A commitment to innovation and a willingness to fund new ideas has made Western Pennsylvania a center for innovation.

Regional industries supplied settlers going West, armed the Union Army and the Allies of WWII, and left their marks on the built landscape of the nation. Individual and corporate leaders encouraged research and development that fed future technological development.

From the Wright brothers to the Apollo mission, new ideas from this region played a crucial role in the country’s technological advancement.

Alcoa supplied more than a million pounds of the specialty aluminum alloy 2219 for the Saturn V rocket alone, but many other Pittsburgh companies and experts contributed to the nationwide effort to fulfill Kennedy’s mandate to put a man on the Moon and bring him safely back to earth before the end of the decade. Some companies, such as North American Rockwell, Alcoa, and U.S. Steel, made major contributions to the space program, but were so large and diverse by the 1960s that they had factories all over the country. A lot of the work happened outside the region, but much of the research and development that contributed to the program happened here.

In addition to Alcoa, other companies and inventors first came to Pittsburgh seeking financial support or the assistance of established industries. Like Charles Martin Hall of Alcoa, Colonel Willard Rockwell came to the region to do business with the Mellons. After starting a successful bearing and axle company in Wisconsin, the Colonel took over the Westinghouse-owned Equitable Meter Company in 1921 at the request of the Mellons. Equitable eventually merged with his other concerns to create Rockwell International. In the 1960s, at the height of the space program, Rockwell bought the struggling North American Aviation based in California. North American had the contract for the majority of the Saturn V rocket, including the Second Stage, the Service Module, Command Module, Launch Escape Tower, Launch Escape System, and the rocket engines for all stages, including the smaller engines that steer the spacecraft in space. As Rockwell once said, “If it moves, we probably made something on it.”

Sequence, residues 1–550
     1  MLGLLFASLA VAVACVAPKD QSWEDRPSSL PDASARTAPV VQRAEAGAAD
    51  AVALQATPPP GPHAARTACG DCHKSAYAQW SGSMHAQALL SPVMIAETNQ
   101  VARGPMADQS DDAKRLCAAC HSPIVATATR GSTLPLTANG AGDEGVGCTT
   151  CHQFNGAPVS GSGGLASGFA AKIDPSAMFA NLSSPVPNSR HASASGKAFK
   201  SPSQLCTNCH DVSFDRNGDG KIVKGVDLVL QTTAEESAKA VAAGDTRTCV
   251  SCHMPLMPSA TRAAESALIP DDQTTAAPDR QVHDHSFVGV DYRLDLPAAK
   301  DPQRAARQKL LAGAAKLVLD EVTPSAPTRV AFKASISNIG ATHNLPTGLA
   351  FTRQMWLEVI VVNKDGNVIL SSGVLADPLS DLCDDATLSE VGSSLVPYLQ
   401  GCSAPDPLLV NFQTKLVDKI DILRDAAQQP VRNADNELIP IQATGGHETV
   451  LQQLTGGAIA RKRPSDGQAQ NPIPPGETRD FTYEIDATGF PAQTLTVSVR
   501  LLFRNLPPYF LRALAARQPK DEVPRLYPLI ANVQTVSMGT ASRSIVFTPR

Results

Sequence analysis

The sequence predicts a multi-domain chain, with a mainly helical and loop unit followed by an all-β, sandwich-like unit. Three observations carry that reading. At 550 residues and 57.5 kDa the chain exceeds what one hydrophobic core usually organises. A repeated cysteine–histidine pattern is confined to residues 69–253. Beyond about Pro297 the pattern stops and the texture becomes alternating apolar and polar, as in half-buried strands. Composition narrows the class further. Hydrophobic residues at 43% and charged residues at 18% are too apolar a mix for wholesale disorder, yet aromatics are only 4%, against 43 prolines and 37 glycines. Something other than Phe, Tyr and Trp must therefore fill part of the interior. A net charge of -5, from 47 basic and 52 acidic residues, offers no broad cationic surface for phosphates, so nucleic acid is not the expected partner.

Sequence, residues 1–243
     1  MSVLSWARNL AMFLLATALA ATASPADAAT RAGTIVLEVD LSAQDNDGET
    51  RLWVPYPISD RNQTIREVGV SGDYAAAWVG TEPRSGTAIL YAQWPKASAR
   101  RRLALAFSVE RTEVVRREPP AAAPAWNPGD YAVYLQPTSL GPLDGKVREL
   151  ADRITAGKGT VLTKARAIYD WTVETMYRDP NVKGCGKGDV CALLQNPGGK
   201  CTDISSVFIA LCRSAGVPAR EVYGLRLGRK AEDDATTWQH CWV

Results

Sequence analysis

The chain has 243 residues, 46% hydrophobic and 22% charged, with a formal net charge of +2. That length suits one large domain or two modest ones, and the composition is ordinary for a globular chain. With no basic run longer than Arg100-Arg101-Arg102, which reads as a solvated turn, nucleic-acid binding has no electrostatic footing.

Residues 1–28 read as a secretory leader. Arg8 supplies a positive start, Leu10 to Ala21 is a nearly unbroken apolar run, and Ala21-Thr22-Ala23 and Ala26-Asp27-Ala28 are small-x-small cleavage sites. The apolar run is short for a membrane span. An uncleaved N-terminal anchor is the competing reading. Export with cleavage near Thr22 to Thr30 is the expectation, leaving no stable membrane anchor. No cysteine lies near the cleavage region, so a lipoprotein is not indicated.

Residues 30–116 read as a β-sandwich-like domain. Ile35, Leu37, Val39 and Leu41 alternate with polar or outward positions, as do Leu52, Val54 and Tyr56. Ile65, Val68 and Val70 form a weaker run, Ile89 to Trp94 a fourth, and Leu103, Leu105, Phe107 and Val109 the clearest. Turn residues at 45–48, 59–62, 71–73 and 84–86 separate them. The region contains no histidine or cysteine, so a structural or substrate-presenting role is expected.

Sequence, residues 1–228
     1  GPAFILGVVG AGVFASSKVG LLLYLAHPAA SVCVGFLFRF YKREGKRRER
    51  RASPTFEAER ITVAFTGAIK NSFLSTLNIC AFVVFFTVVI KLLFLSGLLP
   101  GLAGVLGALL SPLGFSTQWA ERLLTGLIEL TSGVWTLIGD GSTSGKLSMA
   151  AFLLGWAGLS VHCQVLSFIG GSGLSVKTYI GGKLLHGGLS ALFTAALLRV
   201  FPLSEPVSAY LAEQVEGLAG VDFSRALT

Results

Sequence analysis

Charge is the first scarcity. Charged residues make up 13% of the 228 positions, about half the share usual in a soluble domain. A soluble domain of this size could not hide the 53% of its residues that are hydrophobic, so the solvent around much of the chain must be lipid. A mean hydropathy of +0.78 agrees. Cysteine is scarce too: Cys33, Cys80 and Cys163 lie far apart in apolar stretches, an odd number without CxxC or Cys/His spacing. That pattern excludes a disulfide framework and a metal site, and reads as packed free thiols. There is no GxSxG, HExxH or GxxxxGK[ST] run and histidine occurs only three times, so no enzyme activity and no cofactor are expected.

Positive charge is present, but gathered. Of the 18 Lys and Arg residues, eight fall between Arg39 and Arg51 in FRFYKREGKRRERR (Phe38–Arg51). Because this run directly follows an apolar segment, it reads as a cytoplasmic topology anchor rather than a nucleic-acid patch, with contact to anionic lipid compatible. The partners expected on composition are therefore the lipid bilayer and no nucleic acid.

But it wasn’t just major contracts: Many small Pittsburgh manufacturing firms were subcontractors for the Saturn V, Command, and Lunar Modules. In a Pittsburgh Press insert on the Moon mission, some of the local companies who are often not credited with being a part of the space program are highlighted.

85-foot Antenna Station built by Blaw-Knox Company, c. 1965.
85-foot Antenna Station built by Blaw-Knox Company, c. 1965. This Canberra, Australia antenna is one of three 85-foot structures built by the Blaw-Knox Company. The other two were in Madrid, Spain and Goldstone, Calif. They were placed at about 120-degree intervals around the earth so that Mission Control always had contact with the spacecraft despite the earth’s rotation and the Moon’s movement around the earth. These stations were subcontracted to Collins Radio Company from North American Rockwell. Jay Apt Papers and Photographs, 2018.0014, Detre Library & Archives at the History Center.
The three cameras developed by Westinghouse for NASA, 1960s.
The three cameras developed by Westinghouse for NASA, 1960s.